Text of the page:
Nina MK, Ph.D.
Happy New Year to you all and apologies for the delay in getting the January topics up on the site! I hope you've all had a good break if you were on holiday and that 2015 is a great year.
The topics for January are below. Happy blogging!
Authentic Texts and the Efficient Method of Teaching
Undoubtedly using the authentic texts in teaching languages has proved its efficiency as a means of conveying information to the language learners.Being keen on using authentic texts in my ESL (English as a Second Language) classes, I was able to attain gorgeous objectives in my method of teaching English and French to my English language and French language learners.
At first, when I started teaching, I was afraid of grammar. I was petrified. I kept thinking I couldn’t teach the language without Michael Swan’s Practical English Usage right by my side. I was sitting up all night making sure I didn’t get it wrong. But eventually, I think I learnt how to get along.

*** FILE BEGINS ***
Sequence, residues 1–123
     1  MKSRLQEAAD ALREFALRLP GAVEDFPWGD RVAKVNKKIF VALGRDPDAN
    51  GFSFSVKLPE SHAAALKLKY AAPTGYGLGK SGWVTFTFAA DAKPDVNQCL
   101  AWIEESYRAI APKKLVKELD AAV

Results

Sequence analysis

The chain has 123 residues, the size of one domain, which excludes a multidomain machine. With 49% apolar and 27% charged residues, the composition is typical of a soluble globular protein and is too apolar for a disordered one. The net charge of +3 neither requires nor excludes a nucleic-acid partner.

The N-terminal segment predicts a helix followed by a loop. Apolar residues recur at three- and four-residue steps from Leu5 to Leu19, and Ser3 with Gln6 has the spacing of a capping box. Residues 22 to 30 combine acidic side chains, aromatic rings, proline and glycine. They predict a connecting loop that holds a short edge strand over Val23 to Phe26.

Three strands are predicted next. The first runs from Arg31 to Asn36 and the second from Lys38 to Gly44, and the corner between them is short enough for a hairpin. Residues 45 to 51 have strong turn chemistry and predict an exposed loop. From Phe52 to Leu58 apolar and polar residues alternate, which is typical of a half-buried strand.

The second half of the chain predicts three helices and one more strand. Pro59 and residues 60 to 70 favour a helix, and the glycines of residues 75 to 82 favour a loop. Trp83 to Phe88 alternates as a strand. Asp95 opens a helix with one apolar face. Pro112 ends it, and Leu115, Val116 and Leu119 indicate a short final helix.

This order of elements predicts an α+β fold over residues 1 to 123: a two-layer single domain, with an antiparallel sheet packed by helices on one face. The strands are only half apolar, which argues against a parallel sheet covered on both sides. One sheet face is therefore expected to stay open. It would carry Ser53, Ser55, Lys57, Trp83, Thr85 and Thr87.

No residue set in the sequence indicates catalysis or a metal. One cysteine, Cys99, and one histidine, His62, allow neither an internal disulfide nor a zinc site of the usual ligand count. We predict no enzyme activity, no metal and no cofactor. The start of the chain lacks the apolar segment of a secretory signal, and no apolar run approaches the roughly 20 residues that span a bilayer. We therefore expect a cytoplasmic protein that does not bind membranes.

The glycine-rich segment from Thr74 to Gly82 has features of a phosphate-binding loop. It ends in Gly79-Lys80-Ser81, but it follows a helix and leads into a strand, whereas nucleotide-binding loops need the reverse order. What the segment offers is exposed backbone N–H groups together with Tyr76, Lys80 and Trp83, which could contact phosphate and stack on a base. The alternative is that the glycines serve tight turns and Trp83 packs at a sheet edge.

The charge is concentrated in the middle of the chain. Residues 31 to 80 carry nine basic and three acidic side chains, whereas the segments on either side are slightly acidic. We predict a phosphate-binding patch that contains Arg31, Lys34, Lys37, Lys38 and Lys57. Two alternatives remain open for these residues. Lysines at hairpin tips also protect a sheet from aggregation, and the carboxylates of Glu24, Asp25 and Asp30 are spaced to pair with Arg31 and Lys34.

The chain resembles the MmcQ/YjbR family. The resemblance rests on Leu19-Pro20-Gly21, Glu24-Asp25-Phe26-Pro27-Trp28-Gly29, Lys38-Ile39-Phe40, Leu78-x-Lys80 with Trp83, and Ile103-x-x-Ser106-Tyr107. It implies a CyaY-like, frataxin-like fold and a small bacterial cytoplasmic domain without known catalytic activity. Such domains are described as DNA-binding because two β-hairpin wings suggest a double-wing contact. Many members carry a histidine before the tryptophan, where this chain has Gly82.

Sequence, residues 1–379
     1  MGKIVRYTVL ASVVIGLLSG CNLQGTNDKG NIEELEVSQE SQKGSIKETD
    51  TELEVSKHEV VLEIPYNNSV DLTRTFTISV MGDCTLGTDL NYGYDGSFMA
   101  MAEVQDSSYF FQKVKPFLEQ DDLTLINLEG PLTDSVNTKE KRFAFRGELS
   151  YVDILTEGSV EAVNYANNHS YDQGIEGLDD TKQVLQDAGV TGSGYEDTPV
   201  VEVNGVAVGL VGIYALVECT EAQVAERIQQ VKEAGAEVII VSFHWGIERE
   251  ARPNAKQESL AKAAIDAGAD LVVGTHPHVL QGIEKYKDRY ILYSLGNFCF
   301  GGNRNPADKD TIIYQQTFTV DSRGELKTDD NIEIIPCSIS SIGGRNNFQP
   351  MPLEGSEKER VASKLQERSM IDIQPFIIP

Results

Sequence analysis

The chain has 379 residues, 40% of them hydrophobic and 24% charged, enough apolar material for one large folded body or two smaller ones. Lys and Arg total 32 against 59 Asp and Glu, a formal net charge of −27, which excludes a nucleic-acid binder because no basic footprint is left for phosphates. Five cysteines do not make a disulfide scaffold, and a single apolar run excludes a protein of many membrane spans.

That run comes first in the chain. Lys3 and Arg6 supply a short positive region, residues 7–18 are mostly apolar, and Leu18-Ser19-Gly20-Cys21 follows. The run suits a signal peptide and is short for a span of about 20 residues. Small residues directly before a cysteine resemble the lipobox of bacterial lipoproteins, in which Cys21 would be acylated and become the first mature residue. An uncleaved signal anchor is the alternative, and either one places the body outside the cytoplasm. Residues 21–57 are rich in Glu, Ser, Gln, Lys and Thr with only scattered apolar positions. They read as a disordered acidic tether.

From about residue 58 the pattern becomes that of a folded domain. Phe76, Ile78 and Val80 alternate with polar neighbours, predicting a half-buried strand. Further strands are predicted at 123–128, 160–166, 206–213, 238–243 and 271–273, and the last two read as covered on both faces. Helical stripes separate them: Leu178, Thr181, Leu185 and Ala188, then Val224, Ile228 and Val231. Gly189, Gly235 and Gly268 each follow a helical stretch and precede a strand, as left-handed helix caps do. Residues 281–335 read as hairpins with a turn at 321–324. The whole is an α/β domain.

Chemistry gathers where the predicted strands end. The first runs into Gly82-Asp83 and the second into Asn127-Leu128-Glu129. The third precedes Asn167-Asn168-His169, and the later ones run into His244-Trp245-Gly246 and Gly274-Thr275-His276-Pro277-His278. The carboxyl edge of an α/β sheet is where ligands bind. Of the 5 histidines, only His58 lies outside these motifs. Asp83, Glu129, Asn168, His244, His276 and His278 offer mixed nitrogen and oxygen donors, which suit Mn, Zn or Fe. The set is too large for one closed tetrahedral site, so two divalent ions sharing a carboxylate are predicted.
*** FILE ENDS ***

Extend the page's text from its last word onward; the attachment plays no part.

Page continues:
Grammar is not always the favorite part of language that educators want to teach or students want to learn. Let's take a quick look at some philosophies behind different instructional strategies, and then some practical perspectives on what it all might mean in the classroom.
Acquisition vs. Learning
Using authentic texts
Nina MK, Ph.D.
As I mostly teach adults who appreciate being offered possibly practical and personalised activities, I always try to make the grammar and the ways we revisit and review it highly practical. And I usually appreciate opportunities that let students question, doubt and rethink what they already know - be it grammar or any other aspect of the language.
That's how I've come to love using "slashed" activities in order to encourage my student's grammar work.
There’s a very amusing advert for a language school on Youtube where we see the German Coastguard picking up an emergency broadcast, ‘Mayday, mayday..we are sinking!’ The German pauses, and then asks, ‘What are you sinking about?’
The joke plays on the difficulty some German speakers have distinguishing between the /s/ sound and the /θ/ sound as he mistakes /sɪŋk/ for /θɪŋk/.